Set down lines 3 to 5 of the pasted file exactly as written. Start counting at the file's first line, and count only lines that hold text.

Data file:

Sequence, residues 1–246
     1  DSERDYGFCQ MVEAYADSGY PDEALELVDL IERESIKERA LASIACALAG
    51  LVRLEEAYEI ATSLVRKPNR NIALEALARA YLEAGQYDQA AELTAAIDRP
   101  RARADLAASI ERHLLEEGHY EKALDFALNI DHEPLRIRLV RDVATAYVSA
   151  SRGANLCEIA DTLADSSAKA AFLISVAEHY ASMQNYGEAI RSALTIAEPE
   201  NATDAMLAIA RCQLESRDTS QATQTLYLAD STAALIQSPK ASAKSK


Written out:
    51  LVRLEEAYEI ATSLVRKPNR NIALEALARA YLEAGQYDQA AELTAAIDRP
   101  RARADLAASI ERHLLEEGHY EKALDFALNI DHEPLRIRLV RDVATAYVSA
   151  SRGANLCEIA DTLADSSAKA AFLISVAEHY ASMQNYGEAI RSALTIAEPE